Role of HIF-1α in hypoxiamediated apoptosis, cell proliferation and tumour angiogenesis

Peter Carmeliet*, Yuval Dor, Jean Marc Herber, Dai Fukumura, Koen Brusselmans, Mieke Dewerchin, Michal Neeman, Françoise Bono, Rinat Abramovitch, Patrick Maxwell, Cameron J. Koch, Peter Ratcliffe, Lieve Moons, Rakesh K. Jain, Désiré Collen, Eli Keshet

*Corresponding author for this work

Research output: Contribution to journalArticlepeer-review

2288 Scopus citations

Abstract

As a result of deprivation of oxygen (hypoxia) and nutrients, the growth and viability of cells is reduced. Hypoxia-inducible factor (HIF)-1α helps to restore oxygen homeostasis by inducing glycolysis, erythropoiesis and angiogenesis. Here we show that hypoxia and hypoglycaemia reduce proliferation and increase apoptosis in wild-type (HIF-1α+/+) embryonic stem (ES) cells, but not in ES cells with inactivated HIF-1α genes (HIF- 1α(-/-)); however, a deficiency of HIF-1α does not affect apoptosis induced by cytokines. We find that hypoxia/hypoglycaemia-regulated genes involved in controlling the cell cycle are either HIF-1α-dependent (those encoding the proteins p53, p21, Bcl-2) or HIF1α-independent (p27, GADD153), suggesting that there are at least two different adaptive responses to being deprived of oxygen and nutrients. Loss of HIF-1α reduces hypoxia-induced expression of vascular endothelial growth factor, prevents formation of large vessels in ES-derived tumours, and impairs vascular function, resulting in hypoxic microenvironments within the tumour mass. However, growth of HIF-1α tumours was not retarded but was accelerated, owing to decreased hypoxia-induced apoptosis and increased stress-induced proliferation. As hypoxic stress contributes to many (patho)biological disorders, this new role for HIF-1α in hypoxic control of cell growth and death may be of general pathophysiological importance.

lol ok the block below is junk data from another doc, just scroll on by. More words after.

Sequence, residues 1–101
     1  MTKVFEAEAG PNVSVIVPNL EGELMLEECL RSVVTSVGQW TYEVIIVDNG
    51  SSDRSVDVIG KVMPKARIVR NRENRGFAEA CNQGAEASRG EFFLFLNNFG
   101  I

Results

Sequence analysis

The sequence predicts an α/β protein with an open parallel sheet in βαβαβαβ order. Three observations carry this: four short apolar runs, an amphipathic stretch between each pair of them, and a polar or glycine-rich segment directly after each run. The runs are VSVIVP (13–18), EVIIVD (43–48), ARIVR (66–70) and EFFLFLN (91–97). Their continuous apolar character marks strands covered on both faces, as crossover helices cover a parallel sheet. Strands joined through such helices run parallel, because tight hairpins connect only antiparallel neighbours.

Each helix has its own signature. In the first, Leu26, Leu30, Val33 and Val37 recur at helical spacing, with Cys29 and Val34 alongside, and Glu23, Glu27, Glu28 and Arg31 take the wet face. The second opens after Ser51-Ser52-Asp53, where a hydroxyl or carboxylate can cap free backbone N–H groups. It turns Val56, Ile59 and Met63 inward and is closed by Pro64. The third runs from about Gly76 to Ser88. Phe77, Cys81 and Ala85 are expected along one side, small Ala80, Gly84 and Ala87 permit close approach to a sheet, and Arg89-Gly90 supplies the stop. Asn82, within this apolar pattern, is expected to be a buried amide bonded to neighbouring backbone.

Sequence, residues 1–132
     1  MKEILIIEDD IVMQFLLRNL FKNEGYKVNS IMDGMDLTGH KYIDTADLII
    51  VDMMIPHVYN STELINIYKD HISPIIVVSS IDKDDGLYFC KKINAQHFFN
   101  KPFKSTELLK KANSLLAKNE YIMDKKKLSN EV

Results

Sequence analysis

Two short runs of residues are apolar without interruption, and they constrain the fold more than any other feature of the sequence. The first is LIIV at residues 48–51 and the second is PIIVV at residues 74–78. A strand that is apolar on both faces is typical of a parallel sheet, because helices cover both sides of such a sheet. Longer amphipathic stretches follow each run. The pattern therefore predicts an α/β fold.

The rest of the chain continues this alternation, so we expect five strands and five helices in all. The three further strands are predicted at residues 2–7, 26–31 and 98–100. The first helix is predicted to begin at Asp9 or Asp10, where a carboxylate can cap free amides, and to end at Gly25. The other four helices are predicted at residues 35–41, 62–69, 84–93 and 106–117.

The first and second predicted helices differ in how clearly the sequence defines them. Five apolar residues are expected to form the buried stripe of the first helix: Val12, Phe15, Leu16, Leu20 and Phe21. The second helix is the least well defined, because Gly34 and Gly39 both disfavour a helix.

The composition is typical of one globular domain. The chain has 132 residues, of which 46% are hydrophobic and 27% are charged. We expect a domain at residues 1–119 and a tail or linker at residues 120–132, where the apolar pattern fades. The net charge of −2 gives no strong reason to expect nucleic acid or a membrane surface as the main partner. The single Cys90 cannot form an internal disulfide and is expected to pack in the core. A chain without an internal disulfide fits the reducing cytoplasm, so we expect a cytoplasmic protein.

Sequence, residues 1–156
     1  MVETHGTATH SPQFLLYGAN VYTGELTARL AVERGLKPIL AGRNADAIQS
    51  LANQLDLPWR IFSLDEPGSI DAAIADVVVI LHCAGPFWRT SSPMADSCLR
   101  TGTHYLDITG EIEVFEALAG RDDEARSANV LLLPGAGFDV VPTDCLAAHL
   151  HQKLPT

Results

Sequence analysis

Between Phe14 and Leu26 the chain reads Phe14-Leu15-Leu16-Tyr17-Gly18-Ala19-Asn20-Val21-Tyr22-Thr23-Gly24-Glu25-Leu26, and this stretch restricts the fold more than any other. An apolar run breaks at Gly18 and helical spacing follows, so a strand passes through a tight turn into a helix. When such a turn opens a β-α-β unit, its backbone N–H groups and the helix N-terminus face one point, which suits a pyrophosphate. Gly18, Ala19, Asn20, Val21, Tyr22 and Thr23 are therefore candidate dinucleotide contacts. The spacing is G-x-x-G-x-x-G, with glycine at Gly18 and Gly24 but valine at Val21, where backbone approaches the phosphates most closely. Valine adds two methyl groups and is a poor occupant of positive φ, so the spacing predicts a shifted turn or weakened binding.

Original languageAmerican English
Pages (from-to)485-490
Number of pages6
JournalNature
Volume394
Issue number6692
DOIs
StatePublished - 30 Jul 1998

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